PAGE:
By Mark Guarino
Question: How can you tell a rock band is from Las Vegas?
Answer: They can turn into a lounge band at the drop of a hat (a Fedora is recommended).
That was the case of the Killers, the Nevada foursome that played a near-capacity Sears Centre in Hoffman Estates Thursday. Four songs into their 90-minute, 20-song set, lead singer Brandon Flowers launched into “My Kind of Town,” the Sinatra standard that not just toasts the city (well, area) Flowers was currently playing, but also provided him the opportunity to sing the word “razzmatazz.” Flowers came through, singing the song in its entirety and with sincerity. Chicago, he said later, was the first song the Killers played outside their hometown.
The Killers are apparently very adept at shifting roles. “Sam’s Town” (Island), the band’s second and most recent album, is positioned to be their U2 moment. It followed “Hot Fuss” (Island), a platinum-selling dance pop debut so likable, it became a phenomenon, cross-pollinating audiences, from frat boys to dancing queens.
Yet Flowers and crew knew career longevity meant making serious statements. In pop music terms that means taking cues from U2. “Sam’s Town” is the result — an album produced by U2’s producers and packaged with black-and-white shots of the band taken by U2’s photographer. With some Joshua Trees in the background in case someone will miss the point.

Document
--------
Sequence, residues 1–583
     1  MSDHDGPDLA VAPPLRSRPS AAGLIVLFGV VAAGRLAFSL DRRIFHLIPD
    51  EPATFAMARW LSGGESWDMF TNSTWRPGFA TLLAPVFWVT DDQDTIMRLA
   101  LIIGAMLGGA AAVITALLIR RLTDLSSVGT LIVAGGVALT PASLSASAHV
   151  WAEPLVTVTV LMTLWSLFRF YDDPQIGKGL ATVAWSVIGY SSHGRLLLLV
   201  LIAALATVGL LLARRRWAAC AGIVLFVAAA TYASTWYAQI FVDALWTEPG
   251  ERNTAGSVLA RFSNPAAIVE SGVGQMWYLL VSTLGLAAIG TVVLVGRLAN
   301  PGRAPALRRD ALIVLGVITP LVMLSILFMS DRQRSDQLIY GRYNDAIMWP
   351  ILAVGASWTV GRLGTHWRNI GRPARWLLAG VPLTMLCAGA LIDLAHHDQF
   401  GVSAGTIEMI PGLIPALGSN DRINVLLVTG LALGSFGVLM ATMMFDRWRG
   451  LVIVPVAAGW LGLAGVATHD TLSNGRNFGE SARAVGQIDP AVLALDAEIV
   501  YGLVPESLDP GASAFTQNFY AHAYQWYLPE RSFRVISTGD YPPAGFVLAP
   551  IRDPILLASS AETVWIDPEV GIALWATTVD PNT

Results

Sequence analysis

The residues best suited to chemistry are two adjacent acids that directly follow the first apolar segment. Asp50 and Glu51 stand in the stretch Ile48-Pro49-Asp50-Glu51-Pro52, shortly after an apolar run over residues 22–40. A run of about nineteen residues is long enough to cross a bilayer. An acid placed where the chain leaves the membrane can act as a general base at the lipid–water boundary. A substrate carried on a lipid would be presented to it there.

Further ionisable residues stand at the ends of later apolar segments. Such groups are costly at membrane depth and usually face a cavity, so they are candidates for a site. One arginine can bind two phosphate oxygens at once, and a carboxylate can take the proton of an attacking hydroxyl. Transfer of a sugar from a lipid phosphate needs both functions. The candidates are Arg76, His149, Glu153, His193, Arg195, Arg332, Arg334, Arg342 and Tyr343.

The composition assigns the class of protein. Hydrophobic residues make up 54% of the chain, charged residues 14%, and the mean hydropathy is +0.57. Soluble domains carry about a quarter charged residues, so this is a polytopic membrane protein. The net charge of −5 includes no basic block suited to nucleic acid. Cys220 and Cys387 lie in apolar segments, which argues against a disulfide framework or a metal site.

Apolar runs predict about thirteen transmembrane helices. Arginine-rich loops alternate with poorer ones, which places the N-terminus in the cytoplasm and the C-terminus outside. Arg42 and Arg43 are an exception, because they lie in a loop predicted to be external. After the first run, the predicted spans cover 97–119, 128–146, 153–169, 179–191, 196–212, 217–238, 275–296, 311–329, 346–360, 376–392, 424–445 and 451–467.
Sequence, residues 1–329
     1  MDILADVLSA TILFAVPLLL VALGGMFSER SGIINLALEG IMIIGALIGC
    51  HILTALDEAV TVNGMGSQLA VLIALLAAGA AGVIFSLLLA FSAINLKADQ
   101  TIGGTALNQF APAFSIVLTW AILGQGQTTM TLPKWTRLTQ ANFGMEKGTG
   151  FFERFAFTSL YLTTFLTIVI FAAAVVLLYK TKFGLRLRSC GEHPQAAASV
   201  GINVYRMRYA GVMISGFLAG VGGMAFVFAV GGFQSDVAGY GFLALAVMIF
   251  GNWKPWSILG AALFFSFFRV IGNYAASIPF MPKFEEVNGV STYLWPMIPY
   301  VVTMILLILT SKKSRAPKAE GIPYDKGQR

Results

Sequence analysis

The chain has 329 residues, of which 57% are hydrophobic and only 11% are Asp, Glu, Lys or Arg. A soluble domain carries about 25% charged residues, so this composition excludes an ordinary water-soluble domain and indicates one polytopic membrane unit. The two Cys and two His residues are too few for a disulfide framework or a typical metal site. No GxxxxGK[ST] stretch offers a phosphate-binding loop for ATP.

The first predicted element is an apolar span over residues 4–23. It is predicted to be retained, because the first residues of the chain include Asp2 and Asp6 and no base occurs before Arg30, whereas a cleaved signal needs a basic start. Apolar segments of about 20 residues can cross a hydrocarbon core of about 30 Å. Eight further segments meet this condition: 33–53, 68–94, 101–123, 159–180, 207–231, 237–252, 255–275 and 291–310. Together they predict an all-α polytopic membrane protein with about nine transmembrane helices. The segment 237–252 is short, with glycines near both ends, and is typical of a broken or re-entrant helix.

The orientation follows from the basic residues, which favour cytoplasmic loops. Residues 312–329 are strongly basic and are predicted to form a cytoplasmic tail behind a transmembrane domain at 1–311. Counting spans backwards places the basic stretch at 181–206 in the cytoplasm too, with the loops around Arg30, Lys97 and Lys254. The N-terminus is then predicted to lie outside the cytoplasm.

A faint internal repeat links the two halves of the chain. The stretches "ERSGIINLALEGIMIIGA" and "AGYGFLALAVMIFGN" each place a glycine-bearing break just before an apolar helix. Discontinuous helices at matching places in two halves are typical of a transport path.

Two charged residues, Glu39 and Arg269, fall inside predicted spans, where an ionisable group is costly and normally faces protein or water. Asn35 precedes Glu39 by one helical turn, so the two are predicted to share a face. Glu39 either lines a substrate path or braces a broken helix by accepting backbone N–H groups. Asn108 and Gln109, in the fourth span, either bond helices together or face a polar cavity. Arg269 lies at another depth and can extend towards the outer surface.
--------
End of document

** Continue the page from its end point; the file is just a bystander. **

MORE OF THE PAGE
In concert, the new songs did not share the same sense of paranoia and fun as the old. Flowers, who has since abandoned the manliner and tailored suits in favor of fitted vest, boots and string tie more fit for a Western saloon, has claimed full ownership of being a frontman, leaving synthesizer duties — the main thrust of this band — to faceless auxiliary players. Creating a holy frenzy similar to the Arcade Fire and Clap Your Hands Say Yeah, bands that rose up in the Killers’ wake, he bounced his jittery frame across the stage. Songs that tried for deep resonance (“This River is Wild,” “Read My Mind”) ended up sounding more like they were standing in the shadows of Coldplay or U2 or any other band that could pull off self-confessing, soul-purging much better. Subtlety is not a strongpoint of the Killers, they sounded more at home sticking with the flag-waving basics: Choppy guitar riffs, clattering beats and the dark romance of synthesizers.
And, as this being the ultimate Vegas act, confetti flowed freely all night. Early club hits like “Mr. Brightside” and “Somebody Told Me” were automatic winners, songs so perfectly crafted, all the band had to do was to sit inside let them take them to the finish. The Killers demonstrated their true roots during a brief cover session at the encore. Accompanied by just a synthesizer and distorted guitar, Flowers made Frankie Valli’s bobbysoxer staple “Can’t Take My Eyes Off You” less of a teenage pledge of fidelity and more of a lonely plea for attention. That bridged to the hard mechanical beats of Joy Division’s “Shadowplay,” demonstrating one more time that love is not just hard, the sound of it is harder.